How Will Big Data and Artificial Intelligence Change Science?

by Jamie Vernon | May 15, 2018

Sigma Xi Speaks, May 2018

Sigma Xi members, affiliates, and explorers discuss critical issues in science as part of the Society’s Quarterly Conversations initiative.

Jamie L. Vernon

It’s not an accident that artificial intelligence is experiencing a surge in its ability to solve global problems. Just five years ago, analysts estimated that the world generated approximately 4.4 zettabytes of data. Today they’re predicting that by 2020 we’ll be producing as much as 44 zettabytes annually. That’s 44 trillion gigabytes. As this information has become available, data scientists have developed tools to extract insights from it. These tools are rapidly replacing the people who once served as the gatekeepers to new discoveries.

How will the new data frontier ultimately affect scientists? Some claim that science may soon be dominated not by people but instead by computers. Even the revered practice of observation and prediction—core elements in the scientific process and once the domain of the lone genius—is being challenged. With the right software and ever-cheaper hardware, even a non-expert in the field can identify cause and effect relationships within large data sets. We’re beginning to see the impact of these efforts in every area of research. 

The Google Brain Team, part of Google’s Artificial Intelligence Division, is using machines to tackle a major public health issue: cardiovascular diseases. They developed an algorithm that can predict a person’s risk of a heart attack or stroke with similar accuracy as other risk-determining calculators. However, rather than requiring a blood draw to measure cholesterol, as other risk-determining calculators do, the Brain Team’s procedure uses computer vision to process pictures of patients’ retinas, a noninvasive technique. 

Similarly, big data will soon change the face of astronomy. In an effort to accelerate astronomical discoveries, engineers have built the mother of all telescopes, called the Large Synoptic Survey Telescope, or LSST. The LSST will be equipped with a massive, three-ton digital camera that will be able to cover the entire southern sky in just three days. It will generate petabytes of data that will be immediately distributed around the world for instant analysis. 

In the past, astronomers were lucky to reserve a few nights worth of observations on one of the few high-powered telescopes in the world. This process, if well planned and efficiently executed, could allow the astronomer to observe a few dozen or a few hundred objects. In contrast, the LSST is expected to identify 20 billion galaxies and 17 billion stars in its first decade of operation. Artificial intelligence will play a major role in identifying these objects, thereby changing the relationship between the scientists and their data.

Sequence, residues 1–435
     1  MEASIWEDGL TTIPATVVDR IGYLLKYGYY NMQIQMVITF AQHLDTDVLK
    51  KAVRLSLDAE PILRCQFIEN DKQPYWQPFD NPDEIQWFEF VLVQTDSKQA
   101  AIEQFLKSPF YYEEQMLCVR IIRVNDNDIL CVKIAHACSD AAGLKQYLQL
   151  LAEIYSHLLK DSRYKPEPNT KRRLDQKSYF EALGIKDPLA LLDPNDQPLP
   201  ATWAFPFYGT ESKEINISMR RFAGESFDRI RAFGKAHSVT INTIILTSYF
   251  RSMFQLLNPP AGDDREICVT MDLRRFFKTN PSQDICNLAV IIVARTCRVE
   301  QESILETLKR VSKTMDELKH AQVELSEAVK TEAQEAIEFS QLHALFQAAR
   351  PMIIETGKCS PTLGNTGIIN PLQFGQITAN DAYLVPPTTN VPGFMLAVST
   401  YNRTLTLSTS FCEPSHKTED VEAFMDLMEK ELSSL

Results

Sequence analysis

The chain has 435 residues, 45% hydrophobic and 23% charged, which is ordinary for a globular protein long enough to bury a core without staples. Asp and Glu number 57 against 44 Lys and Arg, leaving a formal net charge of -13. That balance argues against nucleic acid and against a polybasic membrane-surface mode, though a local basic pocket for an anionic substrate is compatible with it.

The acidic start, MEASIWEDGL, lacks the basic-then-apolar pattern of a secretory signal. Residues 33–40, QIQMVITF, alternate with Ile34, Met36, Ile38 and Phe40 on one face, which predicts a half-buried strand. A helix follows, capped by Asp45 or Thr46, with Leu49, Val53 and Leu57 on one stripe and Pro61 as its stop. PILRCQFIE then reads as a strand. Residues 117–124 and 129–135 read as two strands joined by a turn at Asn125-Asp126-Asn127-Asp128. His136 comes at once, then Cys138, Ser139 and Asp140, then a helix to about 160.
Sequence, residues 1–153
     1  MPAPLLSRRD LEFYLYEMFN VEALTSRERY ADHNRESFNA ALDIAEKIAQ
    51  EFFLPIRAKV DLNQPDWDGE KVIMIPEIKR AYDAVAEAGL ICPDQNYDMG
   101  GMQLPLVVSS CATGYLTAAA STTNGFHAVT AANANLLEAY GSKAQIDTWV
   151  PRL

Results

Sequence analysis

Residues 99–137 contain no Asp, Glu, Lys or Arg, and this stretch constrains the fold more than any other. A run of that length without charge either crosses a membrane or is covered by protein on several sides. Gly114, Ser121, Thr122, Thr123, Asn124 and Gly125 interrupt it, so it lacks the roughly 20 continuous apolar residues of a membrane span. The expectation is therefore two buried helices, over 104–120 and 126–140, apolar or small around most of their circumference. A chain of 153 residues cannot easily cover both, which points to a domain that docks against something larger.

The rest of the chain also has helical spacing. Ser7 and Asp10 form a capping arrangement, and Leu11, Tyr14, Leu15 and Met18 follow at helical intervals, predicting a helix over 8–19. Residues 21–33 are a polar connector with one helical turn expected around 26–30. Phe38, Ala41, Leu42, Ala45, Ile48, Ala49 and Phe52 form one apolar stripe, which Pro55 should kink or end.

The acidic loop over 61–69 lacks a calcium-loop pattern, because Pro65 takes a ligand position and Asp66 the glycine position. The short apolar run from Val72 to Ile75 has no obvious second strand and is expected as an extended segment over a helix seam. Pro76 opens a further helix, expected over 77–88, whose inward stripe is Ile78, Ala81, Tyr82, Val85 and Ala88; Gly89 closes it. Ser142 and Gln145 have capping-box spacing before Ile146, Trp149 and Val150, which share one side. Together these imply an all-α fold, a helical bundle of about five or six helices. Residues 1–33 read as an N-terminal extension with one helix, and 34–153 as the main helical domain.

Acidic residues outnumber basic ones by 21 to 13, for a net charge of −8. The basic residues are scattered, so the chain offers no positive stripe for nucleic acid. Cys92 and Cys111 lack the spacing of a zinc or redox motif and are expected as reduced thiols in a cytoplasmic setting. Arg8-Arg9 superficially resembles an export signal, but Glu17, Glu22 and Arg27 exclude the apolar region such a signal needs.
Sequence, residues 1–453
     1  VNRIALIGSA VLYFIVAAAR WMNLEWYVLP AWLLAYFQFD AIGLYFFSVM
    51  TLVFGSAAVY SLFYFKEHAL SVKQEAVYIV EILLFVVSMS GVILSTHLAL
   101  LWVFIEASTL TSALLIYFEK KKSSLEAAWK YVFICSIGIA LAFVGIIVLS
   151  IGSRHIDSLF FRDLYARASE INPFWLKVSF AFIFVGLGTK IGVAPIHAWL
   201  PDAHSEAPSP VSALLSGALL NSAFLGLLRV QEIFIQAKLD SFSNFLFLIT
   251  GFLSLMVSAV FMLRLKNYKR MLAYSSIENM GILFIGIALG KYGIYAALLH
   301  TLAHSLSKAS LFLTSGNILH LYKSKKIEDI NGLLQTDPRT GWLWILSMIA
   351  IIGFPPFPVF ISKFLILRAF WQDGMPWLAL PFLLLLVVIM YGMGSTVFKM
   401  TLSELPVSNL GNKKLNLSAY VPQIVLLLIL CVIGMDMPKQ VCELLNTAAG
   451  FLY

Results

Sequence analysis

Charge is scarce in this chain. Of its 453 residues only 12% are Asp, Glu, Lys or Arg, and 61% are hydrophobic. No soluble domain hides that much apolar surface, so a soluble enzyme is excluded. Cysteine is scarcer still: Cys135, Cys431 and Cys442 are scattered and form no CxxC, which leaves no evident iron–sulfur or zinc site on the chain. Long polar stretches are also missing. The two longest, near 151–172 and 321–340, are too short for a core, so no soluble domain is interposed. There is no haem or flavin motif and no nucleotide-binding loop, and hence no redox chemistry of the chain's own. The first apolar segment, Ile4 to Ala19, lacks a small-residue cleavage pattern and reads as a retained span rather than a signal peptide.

Although we understand how big data is already changing how research is being done, there are many questions to be answered about how we can respond to these changes. There is a need for in-depth conversations about the ethics of data collection, analysis, usage, how we will communicate discoveries when the process is largely computer-driven, and how the current scientific infrastructure system will need to adapt to accommodate big data-based research initiatives. 

This October, Sigma Xi will host its Annual Meeting and Student Research Conference in Burlingame, California. The theme of the meeting is Big Data and the Future of Research. Attendees will discuss the opportunities and challenges facing scientists as we advance toward a big data-driven scientific enterprise. We hope you’ll register to join us and bring your colleagues and students. They'll also need to know how the future of science is changing.

We’re expecting that our featured speakers, including Jeff Dean, senior fellow and head of Artificial Intelligence at Google, and Steve Ritz, subsystem scientist for the LSST camera, will stimulate lively conversations that all scientists will want to be a part of. 

There’s no reason to wait, though. You can dive right into this conversation, as it will be the topic of our fourth quarterly conversation in Sigma Xi’s online member community, The Lab. You can also discuss big data in your Sigma Xi chapter, or send your thoughts to


Jamie Vernon signature

Jamie L. Vernon, PhD
Executive Director and CEO
Sigma Xi, The Scientific Research Honor Society
Publisher of American Scientist

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